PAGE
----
What do you, Hillary Clinton and Clara Thompson have in common? Misogyny, Projective Identification and Mentalization. The same concepts that help therapists and lawyers work with their clients to understand how misogynistic patterns operate at all social and political levels across America and the World.
These same concepts are important in corporate America as well. Shifting roles and changes in the status quo can raise anxiety, decrease engagement and threaten people in positions of power. As more women rise to top positions, misogyny increases. Many men don't dislike women. They don't consider themselves to be misogynists. However, there is no escaping that we live in a patriarchal world. The idea that men are more powerful is embedded in our society.
These notions are perpetuated by men who want to retain power and women who look for a man when they need something to be done from changing a lightbulb to driving to a vacation spot. Many men grow up learning they need to protect women who don't always disavow them of that idea.
The model of men as protectors can work until men are replaced by women in positions of power. Since many segments of society still promote the idea that men deserve top positions, misogyny creeps into otherwise congenial work environments when women gain power. The fight for equality must continue until women are truly equal participants in today's world since to date, it is still a man's world
Karyne Messina is trying to change the conversation about misogyny; first stop, Corning, NY.
Projective identification is a defense mechanism that allows a person to rid him or herself of some aspect of his or her personality that is intolerable. In the process, this quality is projected onto another person.
The original projector feels temporarily like the "bad" characteristic is gone. The end result is that the first person feels he or she has gotten rid of the attribute or quality and is thereafter, at least temporarily, relieved. In this person's mind, it is a trait that the other unwitting person exhibits.
The receiver of the projection often initially feel stunned. It is as if he or she doesn't know what has happened. Eventually, however, this person may start to believe the characteristic belongs to him or her.
Mentalization is a healthy process. When it occurs, people feel free to express themselves while allowing others to do the same thing. In this state, a person knows his or her view and respects those of another person or other people.
When mentalization is in play, all ideas are valued and no ideas are judged. Everyone has a voice and is able to express his or her beliefs. In an environment where people mentalize, personal, community and corporate engagement becomes possible.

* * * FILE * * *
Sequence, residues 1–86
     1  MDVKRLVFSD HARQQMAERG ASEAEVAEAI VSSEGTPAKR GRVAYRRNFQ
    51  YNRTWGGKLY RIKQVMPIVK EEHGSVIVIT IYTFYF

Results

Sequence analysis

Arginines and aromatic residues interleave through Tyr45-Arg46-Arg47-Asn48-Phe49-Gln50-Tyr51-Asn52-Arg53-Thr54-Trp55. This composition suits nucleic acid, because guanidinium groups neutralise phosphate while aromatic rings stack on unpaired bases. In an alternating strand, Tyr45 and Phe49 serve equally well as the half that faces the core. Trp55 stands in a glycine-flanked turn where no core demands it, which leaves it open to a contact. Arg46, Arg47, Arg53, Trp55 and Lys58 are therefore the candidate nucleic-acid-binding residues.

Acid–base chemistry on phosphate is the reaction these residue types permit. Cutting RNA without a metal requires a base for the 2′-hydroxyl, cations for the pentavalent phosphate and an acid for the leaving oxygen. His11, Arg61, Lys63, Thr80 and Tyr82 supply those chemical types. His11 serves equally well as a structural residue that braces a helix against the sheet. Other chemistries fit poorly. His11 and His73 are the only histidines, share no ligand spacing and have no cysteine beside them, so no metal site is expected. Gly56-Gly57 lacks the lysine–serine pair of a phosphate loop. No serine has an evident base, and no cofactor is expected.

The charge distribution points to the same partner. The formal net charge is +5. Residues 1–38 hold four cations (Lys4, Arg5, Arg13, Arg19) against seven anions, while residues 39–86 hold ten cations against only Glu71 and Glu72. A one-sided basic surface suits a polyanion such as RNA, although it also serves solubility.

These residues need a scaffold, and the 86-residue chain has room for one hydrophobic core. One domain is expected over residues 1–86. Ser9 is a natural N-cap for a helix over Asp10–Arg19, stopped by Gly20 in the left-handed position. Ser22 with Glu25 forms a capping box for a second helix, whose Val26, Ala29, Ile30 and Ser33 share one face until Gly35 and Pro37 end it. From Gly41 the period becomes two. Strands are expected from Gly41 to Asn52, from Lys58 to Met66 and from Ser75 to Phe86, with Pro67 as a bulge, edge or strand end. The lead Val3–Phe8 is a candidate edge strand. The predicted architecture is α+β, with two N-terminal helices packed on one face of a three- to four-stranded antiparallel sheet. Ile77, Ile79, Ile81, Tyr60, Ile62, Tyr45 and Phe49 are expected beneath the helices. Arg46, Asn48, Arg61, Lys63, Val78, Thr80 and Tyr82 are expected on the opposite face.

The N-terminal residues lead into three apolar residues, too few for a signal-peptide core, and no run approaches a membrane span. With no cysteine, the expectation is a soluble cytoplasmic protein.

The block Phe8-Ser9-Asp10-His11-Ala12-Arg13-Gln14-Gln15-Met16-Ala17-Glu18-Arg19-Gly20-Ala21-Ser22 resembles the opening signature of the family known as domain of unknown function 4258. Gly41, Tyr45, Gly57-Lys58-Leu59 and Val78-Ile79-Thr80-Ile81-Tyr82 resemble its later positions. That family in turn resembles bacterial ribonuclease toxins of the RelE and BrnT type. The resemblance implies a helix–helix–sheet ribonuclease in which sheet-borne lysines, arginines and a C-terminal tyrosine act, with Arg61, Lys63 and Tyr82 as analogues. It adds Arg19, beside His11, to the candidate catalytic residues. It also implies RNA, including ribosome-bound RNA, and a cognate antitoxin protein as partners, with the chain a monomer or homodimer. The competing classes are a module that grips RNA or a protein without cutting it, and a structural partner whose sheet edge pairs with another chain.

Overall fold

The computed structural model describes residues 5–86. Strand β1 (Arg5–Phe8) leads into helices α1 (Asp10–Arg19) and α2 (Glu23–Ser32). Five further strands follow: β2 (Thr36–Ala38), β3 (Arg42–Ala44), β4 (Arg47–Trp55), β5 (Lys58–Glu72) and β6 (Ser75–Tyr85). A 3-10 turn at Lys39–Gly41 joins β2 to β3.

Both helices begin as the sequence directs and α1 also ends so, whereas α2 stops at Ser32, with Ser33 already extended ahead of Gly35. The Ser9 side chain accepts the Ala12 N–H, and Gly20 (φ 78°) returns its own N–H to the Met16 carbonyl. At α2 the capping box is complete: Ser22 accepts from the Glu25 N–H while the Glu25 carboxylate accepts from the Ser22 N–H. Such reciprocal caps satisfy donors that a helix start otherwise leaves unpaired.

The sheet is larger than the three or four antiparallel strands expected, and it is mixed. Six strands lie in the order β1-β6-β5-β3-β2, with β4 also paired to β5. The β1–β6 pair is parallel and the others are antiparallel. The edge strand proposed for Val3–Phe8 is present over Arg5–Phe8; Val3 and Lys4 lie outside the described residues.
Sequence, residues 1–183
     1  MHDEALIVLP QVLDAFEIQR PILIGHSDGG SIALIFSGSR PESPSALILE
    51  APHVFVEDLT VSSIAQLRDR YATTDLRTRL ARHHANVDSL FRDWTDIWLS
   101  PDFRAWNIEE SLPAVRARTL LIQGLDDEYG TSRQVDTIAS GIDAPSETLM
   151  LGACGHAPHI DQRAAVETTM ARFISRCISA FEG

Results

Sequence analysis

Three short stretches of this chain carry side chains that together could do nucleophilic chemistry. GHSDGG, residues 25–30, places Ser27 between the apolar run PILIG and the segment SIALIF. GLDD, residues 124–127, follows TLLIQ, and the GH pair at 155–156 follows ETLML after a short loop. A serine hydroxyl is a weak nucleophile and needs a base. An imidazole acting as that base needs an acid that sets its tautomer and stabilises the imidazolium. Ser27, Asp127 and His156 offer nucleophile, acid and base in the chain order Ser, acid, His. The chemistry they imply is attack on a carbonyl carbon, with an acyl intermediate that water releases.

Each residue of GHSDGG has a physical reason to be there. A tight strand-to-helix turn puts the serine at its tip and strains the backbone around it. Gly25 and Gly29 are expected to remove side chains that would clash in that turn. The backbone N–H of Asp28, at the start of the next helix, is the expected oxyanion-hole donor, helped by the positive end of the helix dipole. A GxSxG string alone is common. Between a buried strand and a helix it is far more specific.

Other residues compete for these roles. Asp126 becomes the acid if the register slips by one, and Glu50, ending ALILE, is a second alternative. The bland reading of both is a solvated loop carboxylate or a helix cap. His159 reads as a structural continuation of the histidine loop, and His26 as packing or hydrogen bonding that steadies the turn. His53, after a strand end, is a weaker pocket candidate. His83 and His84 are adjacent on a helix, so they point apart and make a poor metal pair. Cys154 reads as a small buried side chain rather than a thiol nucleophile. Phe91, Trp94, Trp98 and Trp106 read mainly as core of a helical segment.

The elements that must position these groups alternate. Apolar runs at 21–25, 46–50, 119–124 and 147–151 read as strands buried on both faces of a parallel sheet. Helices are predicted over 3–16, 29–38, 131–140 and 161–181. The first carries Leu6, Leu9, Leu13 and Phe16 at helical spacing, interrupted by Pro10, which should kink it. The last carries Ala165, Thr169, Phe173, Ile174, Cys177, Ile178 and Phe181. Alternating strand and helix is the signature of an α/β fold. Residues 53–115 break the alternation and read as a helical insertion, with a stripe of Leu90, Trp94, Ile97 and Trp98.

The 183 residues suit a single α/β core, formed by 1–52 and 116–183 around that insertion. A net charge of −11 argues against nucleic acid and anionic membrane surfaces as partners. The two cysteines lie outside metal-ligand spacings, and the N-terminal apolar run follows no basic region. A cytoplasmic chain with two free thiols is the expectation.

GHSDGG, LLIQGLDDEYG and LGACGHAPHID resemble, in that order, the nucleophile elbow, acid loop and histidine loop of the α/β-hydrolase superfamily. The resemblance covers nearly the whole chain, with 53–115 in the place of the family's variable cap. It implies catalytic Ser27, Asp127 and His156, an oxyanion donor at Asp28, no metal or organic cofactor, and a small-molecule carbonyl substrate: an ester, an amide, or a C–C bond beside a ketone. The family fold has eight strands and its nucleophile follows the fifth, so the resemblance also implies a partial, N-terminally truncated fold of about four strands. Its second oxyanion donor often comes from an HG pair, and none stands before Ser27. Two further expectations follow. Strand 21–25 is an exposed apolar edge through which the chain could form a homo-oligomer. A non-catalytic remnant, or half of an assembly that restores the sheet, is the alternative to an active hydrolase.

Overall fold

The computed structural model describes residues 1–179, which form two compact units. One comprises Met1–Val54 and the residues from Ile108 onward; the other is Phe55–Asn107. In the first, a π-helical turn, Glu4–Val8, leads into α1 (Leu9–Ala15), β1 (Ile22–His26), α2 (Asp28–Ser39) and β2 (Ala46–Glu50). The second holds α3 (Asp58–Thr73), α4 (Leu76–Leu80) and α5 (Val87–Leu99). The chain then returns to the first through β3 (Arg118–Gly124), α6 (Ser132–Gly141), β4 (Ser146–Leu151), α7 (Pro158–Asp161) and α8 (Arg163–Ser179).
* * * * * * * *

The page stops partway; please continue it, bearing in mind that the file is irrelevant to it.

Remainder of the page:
This process is important whether people are in school, at work, on a playground, in a family setting or part of a corporate environment. Collaboration between and among people is possible when mentalizing is part of all exchanges.
Mentalization can improve Corporate Engagement and Responsibility
Helping people feel successful and good about what they do while meeting the goals of any enterprise is a result of authentic engagement. This can most effectively be achieved through respectful dialogue among all participants. According to the authors of The Non-Obvious Guide to Employee Engagement, frequent feedback can be positively correlated with engagement.
Mentalization can also improve employee retention
When company leaders mentalize, they share ideas with employees at all levels and offer opportunities for people in all divisions to work together towards a common goal while respecting the efforts of everyone involved. In companies where all people are valued in this way, emotional investment in a company's success is increased.
Projective identification can effect morale in any organization
Projective Identification can appear in a myriad of ways. Bullying is a classic manifestation of this mechanism and can occur in all types of settings, e.g., one person might try to get rid of a label by claiming an attribute belongs to someone else. The person receiving this projection initially is often stunned but can eventually begin to believe he or she possesses the quality.
Projective identification can happen to anyone at anytime
Recipients of projections usually become very upset. Initially victims of this type of assault may feel stunned by the accusation. However, when the person is shunned, laughed at and dropped by a group of friends, the victim can begin to question himself or herself or think he or she might actually be perceived in the way the bully or perpetrator has claimed.
This phenomenon occurs in all types of settings. When any employee, supervisor, parent, teacher or coach blames someone else for something he or she actually did, projective identification could be occurring. It's kind of like corporate bullying. One clue this is happening is when the person receiving the projection feels stunned or confused. He or she may not be certain whether what is being said is true or not. Eventually though, the receiver of the projection can begin to believe that he or she has the characteristic that the projector got rid of because the trait or behavior caused him or her to feel uncomfortable or bad.
Yes, in many settings a person can let the accuser know what he or she has said isn't true. They can verbally "give back" the projected part of the other person.
In corporations, a person's supervisor may be able to help. If not, HR might be the next step. Other options may include government agencies such as the EEO.
A person who is unfairly accused of something he or she didn't do can always contact an attorney who specializes in employment law. If the stress seems like it is too much to handle, a therapist may also be able to help.